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Lawmakers lambast NYC over preparations for next Hurricane Sandy

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City Council members sparred with officials over its response amid a 4-hour hearing

Breezy Point in Queens was decimated by Hurricane Sandy in 2012.
Nathan Kensinger

The seventh anniversary of Hurricane Sandy came with a deluge of criticism from the City Council over whether New York City is prepared for the next superstorm.

Lawmakers sparred with city officials Tuesday at a packed environmental protection committee hearing on what they decry as the city’s sluggish response, and argued that the outer boroughs have taken a back seat in the development of defenses against future storms compared to lower Manhattan.

“We don’t take any satisfaction in knowing that we’re right in that we’re not ready,” said Councilmember Justin Brannan, who represents southern Brooklyn and chairs the Council’s resiliency and waterfront committee. “It’s seven years later and I keep hearing a lot about studies and sandbags.”

On October 29, 2012, Hurricane Sandy laid waste to the city. The Battery saw a record 14 foot storm surge, thousands of buildings were wrecked across the five boroughs causing $19 billion worth of damage, and 43 people lost their lives, according to a 2013 report by then-Mayor Michael Bloomberg’s administration.

The recovery since has been mired in red tape and confusion, including problems with the city’s Build It Back program and delays on resiliency projects. Though several efforts have been completed or are in the works, lawmakers stress, many still are in their infancy—such as a project to reduce the risk of power failure to the city’s core food processing hub in the south Bronx, and a flood barrier in Coney Island Creek.

Jainey Bavishi, director of the Mayor’s Office of Recovery & Resiliency, insists that the five boroughs are better off than when Sandy struck and that no section of the city has received preferential treatment. Bavishi points to 10 miles of new sand dunes across Staten Island and the Rockaway peninsula, temporary flood protection barriers at 50 sites across the city, and myriad major projects planned with $15 billion in federal dollars plus $5 billion in city funds.

“New York City is definitively safer and better protecter than it was during Hurricane Sandy seven years ago,” said Bavishi.

High-profile efforts to protect miles of Manhattan’s eastern shore, chiefly the $1.45 billion East Side Costal Resiliency Project, are in the works and Mayor de Blasio has proposed another multi-billion dollar effort that could extend lower Manhattan’s seaport into the East River with flood protections.

Queens Councilmember Costa Constantinides, who chairs the Council’s committee on environmental protection, and Brannan have put forward a bill that seeks to create a comprehensive plan that would evaluate each costal community district for short- and long-term protections.

The looming threat of sea level rise adds urgency to lawmakers concerns. William Sweet, an oceanographer with the federal National Oceanic and Atmospheric Administration, testified Tuesday that by 2050, New York City could experience tidal floods of up to two feet for 45 to 125 days annually—more than a third of the year at the conservative end of the spectrum. Sweet projects floods of three to five feet could occur 15 days out of the year by then.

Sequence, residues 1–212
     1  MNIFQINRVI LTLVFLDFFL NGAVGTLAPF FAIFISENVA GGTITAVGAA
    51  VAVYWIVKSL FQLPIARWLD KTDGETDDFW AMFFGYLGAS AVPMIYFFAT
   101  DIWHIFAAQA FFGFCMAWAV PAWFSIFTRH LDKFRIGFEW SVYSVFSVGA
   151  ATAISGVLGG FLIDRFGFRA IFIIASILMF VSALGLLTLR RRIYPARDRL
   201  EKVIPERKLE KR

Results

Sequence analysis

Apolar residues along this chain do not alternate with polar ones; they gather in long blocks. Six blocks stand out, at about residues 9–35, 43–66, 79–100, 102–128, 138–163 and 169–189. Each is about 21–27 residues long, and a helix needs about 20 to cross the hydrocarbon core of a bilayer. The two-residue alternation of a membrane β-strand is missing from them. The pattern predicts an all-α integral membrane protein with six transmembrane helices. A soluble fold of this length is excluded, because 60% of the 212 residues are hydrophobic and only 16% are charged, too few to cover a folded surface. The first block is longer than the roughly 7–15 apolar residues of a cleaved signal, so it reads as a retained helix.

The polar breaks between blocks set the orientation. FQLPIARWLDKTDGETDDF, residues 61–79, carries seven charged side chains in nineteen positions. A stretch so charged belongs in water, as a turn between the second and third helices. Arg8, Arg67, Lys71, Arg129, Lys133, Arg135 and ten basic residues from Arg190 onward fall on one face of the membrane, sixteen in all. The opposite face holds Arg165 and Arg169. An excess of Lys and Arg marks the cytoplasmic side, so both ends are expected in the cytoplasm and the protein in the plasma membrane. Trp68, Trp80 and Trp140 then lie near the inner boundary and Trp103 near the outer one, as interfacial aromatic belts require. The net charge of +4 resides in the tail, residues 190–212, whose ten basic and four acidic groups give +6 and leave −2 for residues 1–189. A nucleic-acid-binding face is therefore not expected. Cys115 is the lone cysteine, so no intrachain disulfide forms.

Complicating matters, and frustrating lawmakers, is the lack of new flood maps by the Federal Emergency Management Agency (FEMA). The federal agency and the de Blasio administration have butted heads, THE CITY reports, on boundaries of zones where homeowners who have federally insured mortgages would be required to purchase flood insurance, which can be cost prohibitive for cash-strapped New Yorkers. The new maps would expand those crafted in 2007 that are currently in place.

Bavishi said those flood maps aren’t expected to be finalized until 2024. Meanwhile, flood insurance policies have dipped in each borough except for Manhattan since 2013; only 16 percent of properties located within both the city’s 2007 flood maps and FEMA’s maps proposed in 2015 carry flood insurance, according to an investigation by THE CITY.

Queens Councilmember Eric Ulrich has proposed a bill that would require the city to notify homeowners whose properties are newly included into the flood maps.

Mayor Bill de Blasio did not have a public schedule on Tuesday but conceded on Twitter that “we’re still vulnerable.”

“[The] work that began in those days of challenge and crisis has made a meaningful impact in the lives of every day New Yorkers,” de Blasio’s tweet continued. But not every city lawmakers is convinced that the de Blasio administration has followed through on its resiliency promises.

“We are better informed after Superstorm Sandy, but not fully prepared for the next big storm,” said Councilmember Mark Treyger, who represents Coney Island and served as the chair of the Council’s former recovery & resiliency committee. “We have a lot of work to do.”